skip to main content

Search for: All records

Creators/Authors contains: "Billingsley, Garilynn"

Note: When clicking on a Digital Object Identifier (DOI) number, you will be taken to an external site maintained by the publisher. Some full text articles may not yet be available without a charge during the embargo (administrative interval).
What is a DOI Number?

Some links on this page may take you to non-federal websites. Their policies may differ from this site.

  1. Glasses are nonequilibrium solids with properties highly dependent on their method of preparation. In vapor-deposited molecular glasses, structural organization could be readily tuned with deposition rate and substrate temperature. Here, we show that the atomic arrangement of strong network-forming GeO 2 glass is modified at medium range (<2 nm) through vapor deposition at elevated temperatures. Raman spectral signatures distinctively show that the population of six-membered GeO 4 rings increases at elevated substrate temperatures. Deposition near the glass transition temperature is more efficient than postgrowth annealing in modifying atomic structure at medium range. The enhanced medium-range organization correlates with reduction of the room temperature internal friction. Identifying the microscopic origin of room temperature internal friction in amorphous oxides is paramount to design the next-generation interference coatings for mirrors of the end test masses of gravitational wave interferometers, in which the room temperature internal friction is a main source of noise limiting their sensitivity.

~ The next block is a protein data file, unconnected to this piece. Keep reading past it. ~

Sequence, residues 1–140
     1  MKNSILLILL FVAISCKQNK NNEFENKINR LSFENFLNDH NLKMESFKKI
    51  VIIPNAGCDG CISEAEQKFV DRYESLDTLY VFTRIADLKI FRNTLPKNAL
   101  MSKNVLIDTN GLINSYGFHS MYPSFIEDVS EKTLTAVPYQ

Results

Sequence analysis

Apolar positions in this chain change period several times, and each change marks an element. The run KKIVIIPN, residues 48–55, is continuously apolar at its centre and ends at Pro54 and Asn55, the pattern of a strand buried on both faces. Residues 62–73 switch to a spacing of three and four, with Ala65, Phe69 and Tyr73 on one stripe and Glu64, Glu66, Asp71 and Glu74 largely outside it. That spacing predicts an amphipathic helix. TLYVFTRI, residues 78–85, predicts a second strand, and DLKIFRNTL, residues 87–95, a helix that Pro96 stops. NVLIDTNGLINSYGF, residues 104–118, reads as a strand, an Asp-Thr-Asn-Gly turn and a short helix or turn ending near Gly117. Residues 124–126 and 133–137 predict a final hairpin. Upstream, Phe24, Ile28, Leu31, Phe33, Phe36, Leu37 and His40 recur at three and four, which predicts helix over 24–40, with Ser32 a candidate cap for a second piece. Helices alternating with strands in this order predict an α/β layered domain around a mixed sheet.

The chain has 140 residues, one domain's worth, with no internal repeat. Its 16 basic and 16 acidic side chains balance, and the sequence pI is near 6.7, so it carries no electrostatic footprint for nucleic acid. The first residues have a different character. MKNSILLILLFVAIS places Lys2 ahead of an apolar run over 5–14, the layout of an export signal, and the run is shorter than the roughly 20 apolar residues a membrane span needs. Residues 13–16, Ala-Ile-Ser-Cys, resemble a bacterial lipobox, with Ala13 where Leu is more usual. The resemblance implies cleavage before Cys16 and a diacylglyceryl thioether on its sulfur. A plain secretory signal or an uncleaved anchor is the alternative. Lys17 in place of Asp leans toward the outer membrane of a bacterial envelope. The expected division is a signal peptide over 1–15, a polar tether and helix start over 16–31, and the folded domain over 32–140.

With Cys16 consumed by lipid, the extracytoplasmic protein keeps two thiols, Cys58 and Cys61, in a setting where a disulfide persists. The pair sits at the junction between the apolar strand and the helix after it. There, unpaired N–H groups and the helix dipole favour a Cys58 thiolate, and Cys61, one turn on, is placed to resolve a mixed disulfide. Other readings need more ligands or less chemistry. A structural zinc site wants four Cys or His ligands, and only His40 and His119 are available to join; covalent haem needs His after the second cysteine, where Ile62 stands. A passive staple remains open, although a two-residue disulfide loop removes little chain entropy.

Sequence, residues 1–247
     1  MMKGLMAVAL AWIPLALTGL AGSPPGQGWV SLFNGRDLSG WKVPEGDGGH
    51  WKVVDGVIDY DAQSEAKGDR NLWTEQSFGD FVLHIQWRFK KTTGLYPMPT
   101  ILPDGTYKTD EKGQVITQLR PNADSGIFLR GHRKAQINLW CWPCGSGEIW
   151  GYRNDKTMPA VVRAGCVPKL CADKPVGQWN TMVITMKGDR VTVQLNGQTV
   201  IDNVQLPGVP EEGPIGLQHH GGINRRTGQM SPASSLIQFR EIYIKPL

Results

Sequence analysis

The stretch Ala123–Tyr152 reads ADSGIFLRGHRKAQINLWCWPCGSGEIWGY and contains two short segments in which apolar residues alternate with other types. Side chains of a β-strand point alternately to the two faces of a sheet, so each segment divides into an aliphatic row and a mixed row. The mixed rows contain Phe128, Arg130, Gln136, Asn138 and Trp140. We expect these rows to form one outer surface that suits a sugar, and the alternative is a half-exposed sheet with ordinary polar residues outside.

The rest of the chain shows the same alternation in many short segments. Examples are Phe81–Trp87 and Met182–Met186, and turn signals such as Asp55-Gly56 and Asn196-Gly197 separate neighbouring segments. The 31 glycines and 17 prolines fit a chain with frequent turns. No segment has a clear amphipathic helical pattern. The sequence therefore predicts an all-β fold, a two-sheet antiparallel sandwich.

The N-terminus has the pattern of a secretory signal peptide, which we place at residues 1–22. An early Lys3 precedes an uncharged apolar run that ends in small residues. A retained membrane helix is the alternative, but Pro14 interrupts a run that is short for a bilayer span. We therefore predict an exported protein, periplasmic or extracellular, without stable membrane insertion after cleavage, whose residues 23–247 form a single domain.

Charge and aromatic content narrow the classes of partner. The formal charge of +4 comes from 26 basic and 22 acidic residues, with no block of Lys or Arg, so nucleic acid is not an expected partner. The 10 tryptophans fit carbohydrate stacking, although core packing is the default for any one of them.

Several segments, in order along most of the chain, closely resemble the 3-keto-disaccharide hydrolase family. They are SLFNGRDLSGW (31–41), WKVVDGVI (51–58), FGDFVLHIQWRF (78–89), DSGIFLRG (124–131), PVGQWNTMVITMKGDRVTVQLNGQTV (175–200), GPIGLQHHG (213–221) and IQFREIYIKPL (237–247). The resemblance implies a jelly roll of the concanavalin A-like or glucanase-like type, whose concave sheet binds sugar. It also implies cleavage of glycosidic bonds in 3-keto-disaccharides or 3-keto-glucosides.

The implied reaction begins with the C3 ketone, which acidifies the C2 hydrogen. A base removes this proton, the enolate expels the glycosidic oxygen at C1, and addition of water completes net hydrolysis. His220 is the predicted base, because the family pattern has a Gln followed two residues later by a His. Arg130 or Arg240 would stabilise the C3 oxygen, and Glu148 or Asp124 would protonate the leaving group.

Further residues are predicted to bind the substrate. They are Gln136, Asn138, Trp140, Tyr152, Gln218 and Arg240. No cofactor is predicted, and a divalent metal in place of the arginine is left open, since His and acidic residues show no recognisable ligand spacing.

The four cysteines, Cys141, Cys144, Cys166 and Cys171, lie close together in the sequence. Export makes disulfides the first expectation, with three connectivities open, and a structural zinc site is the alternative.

2. This white paper describes the research and development needed over the next decade to realize "Cosmic Explorer," the U.S. node of a future third-generation detector network that will be capable of observing and characterizing compact gravitational-wave sources to cosmological redshifts.
  3. Small, highly absorbing points are randomly present on the surfaces of the main interferometer optics in Advanced LIGO. The resulting nanometer scale thermo-elastic deformations and substrate lenses from these micron-scale absorbers significantly reduce the sensitivity of the interferometer directly though a reduction in the power-recycling gain and indirect interactions with the feedback control system. We review the expected surface deformation from point absorbers and provide a pedagogical description of the impact on power buildup in second generation gravitational wave detectors (dual-recycled Fabry–Perot Michelson interferometers). This analysis predicts that the power-dependent reduction in interferometer performance will significantly degrade maximum stored power by up to 50% and, hence, limit GW sensitivity, but it suggests system wide corrections that can be implemented in current and future GW detectors. This is particularly pressing given that future GW detectors call for an order of magnitude more stored power than currently used in Advanced LIGO in Observing Run 3. We briefly review strategies to mitigate the effects of point absorbers in current and future GW wave detectors to maximize the success of these enterprises.